Are ticket prices for the Open too high?

Courses & Travel

Good value given its all-day status, or too costly for the ordinary fan? Two of our writers debate the Open's ticket prices


Dan Murphy says it takes the event away from the regular fan

ROLL up on the day at Royal Lytham in July and you will be charged £70 to come in. It’s too much, in my opinion.

Having heard the R&A’s response to this issue, I know and understand some of their justifications.

But the one that really sticks in my throat is the argument that prices compare favourably with tickets for Premier League football, the Lord’s test, Wimbledon or the British Grand Prix.

This is wholly missing the point – we sports fans are royally ripped off these days across the board. That doesn’t somehow make it acceptable for golf to do the same.

Watching the Open is a very different experience to, say, going to a Six Nations match. It’s quite hard work for a start, especially if you want to find some decent vantage points.

You can expect to have to a walk a good few miles and if you try to follow a popular group for a few holes then you will need to break into a jog between shots.

At most big sporting events, there is a limit on attendance. The same does not really apply to the Open, where fans have never, to my knowledge, been turned away.

The closest we came was surely back in 1925, the last Open to be played at Prestwick, when Macdonald Smith lost a five-shot lead in the final round thanks, at least partly, to an out-of-control gallery swarming all around him.

I digress – the point is the laws of supply and demand dictate that tickets for over-subscribed events are more expensive.

This doesn’t apply to the Open so why not lower the prices and attract more fans, thereby improving the atmosphere?

Credit where credit is due – accompanied under 16s are free and under 21s can attend for £30.

But £70 when all you get is general entry – not exactly a seat on the halfway line – seems steep to me.

The R&A argue that at the golf you can get over 12 hours of entertainment rather than 80 or 90 minutes, which is true, but I would have thought this was another good reason to get more people through the gates.

The thrifty will bring a picnic but many more will queue up for bacon sandwiches and pints of beer.

And those on the course from early morning until late afternoon will need plenty of sustenance.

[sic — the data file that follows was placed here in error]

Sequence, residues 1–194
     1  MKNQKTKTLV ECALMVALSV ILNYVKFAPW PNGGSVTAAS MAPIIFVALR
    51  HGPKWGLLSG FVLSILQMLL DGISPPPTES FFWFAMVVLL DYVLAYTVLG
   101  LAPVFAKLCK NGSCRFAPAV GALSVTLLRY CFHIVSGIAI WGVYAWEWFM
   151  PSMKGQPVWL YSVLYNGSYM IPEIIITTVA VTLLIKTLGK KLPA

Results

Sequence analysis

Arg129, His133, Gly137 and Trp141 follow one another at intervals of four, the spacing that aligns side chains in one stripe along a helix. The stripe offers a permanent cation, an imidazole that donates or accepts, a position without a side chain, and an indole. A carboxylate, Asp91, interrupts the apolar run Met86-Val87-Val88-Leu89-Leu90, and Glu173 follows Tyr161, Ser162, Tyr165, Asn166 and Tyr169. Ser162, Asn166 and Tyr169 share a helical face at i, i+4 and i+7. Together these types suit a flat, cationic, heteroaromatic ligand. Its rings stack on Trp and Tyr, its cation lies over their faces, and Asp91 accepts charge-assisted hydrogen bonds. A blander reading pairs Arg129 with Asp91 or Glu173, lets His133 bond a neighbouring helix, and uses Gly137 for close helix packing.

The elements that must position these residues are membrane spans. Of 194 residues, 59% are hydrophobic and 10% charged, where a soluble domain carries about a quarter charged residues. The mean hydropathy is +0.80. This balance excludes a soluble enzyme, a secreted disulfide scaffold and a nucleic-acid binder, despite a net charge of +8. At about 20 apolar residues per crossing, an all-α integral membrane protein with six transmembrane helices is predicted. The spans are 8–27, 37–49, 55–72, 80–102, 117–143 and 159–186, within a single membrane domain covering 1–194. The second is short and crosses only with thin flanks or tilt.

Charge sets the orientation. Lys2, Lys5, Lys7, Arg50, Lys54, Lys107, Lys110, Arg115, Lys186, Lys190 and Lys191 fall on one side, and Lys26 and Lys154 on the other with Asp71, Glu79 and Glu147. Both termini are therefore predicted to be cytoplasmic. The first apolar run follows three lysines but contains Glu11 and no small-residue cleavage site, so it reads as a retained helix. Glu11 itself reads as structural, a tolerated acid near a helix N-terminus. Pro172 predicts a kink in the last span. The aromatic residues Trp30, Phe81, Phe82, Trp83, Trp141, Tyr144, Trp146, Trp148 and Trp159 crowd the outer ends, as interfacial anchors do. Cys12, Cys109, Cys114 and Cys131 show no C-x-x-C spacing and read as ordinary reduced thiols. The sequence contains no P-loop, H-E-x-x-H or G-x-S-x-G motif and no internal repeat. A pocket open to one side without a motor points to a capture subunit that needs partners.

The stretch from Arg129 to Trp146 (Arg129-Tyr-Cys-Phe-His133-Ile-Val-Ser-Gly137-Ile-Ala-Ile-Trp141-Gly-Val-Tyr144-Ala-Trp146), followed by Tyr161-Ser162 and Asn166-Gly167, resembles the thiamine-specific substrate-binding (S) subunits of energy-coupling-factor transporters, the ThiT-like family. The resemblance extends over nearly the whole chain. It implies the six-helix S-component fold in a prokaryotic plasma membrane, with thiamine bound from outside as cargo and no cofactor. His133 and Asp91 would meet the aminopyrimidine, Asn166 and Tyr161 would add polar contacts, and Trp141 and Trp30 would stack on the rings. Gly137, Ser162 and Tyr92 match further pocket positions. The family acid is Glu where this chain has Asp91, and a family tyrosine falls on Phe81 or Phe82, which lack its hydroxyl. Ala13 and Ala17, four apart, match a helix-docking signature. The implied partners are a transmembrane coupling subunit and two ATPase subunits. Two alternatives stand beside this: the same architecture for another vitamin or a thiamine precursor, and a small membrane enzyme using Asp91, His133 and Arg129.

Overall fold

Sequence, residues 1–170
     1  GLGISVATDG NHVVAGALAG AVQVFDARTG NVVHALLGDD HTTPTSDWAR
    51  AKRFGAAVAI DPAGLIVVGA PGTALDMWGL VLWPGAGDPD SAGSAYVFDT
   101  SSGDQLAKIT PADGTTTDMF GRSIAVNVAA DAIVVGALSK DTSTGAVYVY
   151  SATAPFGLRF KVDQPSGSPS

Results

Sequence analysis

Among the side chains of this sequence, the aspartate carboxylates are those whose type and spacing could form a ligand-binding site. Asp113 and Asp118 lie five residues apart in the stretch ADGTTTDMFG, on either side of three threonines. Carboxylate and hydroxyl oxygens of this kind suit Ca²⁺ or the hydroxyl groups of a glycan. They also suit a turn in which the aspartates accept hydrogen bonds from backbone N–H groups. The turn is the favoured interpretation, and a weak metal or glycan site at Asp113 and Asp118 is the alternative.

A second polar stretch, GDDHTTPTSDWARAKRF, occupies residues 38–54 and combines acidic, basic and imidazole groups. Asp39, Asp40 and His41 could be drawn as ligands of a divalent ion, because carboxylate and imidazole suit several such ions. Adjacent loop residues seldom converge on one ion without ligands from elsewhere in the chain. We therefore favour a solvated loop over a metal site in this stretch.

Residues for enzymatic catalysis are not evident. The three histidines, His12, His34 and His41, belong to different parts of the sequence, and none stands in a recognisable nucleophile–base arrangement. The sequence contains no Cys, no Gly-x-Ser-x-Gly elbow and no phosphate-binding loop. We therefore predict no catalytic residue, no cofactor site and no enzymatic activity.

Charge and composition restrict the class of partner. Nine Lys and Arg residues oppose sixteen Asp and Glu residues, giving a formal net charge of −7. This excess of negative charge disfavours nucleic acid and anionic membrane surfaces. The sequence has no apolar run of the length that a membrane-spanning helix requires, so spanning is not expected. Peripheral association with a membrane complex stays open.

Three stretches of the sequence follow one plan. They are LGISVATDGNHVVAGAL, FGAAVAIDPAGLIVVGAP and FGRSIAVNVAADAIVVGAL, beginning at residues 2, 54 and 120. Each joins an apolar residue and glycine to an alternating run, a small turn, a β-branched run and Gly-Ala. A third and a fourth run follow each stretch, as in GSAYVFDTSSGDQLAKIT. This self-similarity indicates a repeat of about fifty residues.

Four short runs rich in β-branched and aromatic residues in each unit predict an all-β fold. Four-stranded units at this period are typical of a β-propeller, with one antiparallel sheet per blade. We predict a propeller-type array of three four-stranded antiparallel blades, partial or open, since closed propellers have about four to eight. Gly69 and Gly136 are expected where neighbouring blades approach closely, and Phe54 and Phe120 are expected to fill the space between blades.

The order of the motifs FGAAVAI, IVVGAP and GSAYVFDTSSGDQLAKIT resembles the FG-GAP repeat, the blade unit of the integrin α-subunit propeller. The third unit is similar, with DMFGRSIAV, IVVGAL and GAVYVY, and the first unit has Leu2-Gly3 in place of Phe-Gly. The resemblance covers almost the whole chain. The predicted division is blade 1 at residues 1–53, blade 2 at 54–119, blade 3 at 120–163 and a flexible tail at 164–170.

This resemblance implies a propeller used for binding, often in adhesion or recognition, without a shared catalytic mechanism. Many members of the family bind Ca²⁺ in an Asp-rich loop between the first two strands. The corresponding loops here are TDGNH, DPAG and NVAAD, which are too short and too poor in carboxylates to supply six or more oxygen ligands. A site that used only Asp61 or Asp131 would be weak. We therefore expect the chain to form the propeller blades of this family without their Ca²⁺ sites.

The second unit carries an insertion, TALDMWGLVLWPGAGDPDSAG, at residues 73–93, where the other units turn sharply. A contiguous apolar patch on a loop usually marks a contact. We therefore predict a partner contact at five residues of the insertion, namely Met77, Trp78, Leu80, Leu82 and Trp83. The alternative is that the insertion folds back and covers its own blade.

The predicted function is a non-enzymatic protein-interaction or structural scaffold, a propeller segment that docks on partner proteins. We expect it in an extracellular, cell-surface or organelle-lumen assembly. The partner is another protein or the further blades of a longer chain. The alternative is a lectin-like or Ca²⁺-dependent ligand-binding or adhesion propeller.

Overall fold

Better still, reduced prices would open up this egalitarian event, open to the best golfers from across the world, to a wider section of the public.

You shouldn’t have to be rich to watch the Open, just interested.

And you never know, seeing the elite players in action might just give a welcome boost to participation levels at a time when we are seeing clubs up and down the land desperate for new members and many staring closure in the face.
We’d have no idea if Steven Gerrard chooses Old Spice or Brut despite seeing him play plenty of times.


Chris Bertram says you get the sporting experience of a lifetime

SIMPLE mathematics win this debate at a stroke: £60 divided by 14 = £5. That is the cost per hour of a day at the Open (booked in advance).

A night (or rather a small part of an evening) watching the Champions League is rather more expensive. Try £50 divided by 1.5. £33. So, the Open is about seven times better value than Europe’s elite football competition. 

Some may say football is at an inherent disadvantage because it only lasts 90 minutes.

So let’s compare Test match cricket, which as we all know can be a long day, one way and another. The equation is £60 divided by 7 = £8.50. Still nowhere near as good.

In any event, football’s inherent disadvantage is the whole point; or rather, it is the beauty of a day at the Open.

You can follow three separate groups all the way round, from the 1st tee to the 18th green. That’s like watching three CL games or the Ashes in the morning then being transported to St Kitts for West Indies-South Africa in the afternoon.

There are other reasons why it is excellent value too. The quality of spectating is superb as you choose where you soak it up from.

Sit in a stand? Stand behind a tee? Lurk by a bunker at driving distance? Or follow a group round (unless it is Tiger or Rory). Your day varied and interesting.

You also see proper action. It’s a combination of Sky 3D and stereo… with smell too. A day at the Test is fascinating but let’s be honest, you spend more time craning your neck at the big-screen replays than looking out to the square.

Of course, being at the Open means you don’t get the wider picture as you would at home but you get to see blades of grass fly in the air as Sergio rips an iron or watch grains of sand sail on the wind as Mickelson splashes out of a bunker.

Go to a Six Nations rugby match (£30 an hour) and you’ve got more chance of seeing a Scottish try (I can say that, I’m Scottish) than of knowing what’s going on in a scrum.

Going to football, rugby and cricket is an occasion; going to golf is a front-row view of history in the making.

Finally, you actually see and hear the combatants in action. You might even be part of the action if you’re round a green.

Last year at Sandwich, if Team NCG knew anything about aftershave we could have told you exactly what Martin Kaymer was wearing after the German hit a chip a yard away from us.

We’d have no idea if Steven Gerrard chooses Old Spice or Brut despite seeing him play plenty of times.

On a serious note, we also heard the discussion between him and his caddie about the shot. Fascinating stuff, and a lot more insight than you’ll ever get, even if you parked yourself behind the dugout at Anfield or the Emirates.

That said, buy a tray of chips and some of the value suddenly seeps away. £3.50? Seriously. What were they fried in? Dom Perignon ‘66?

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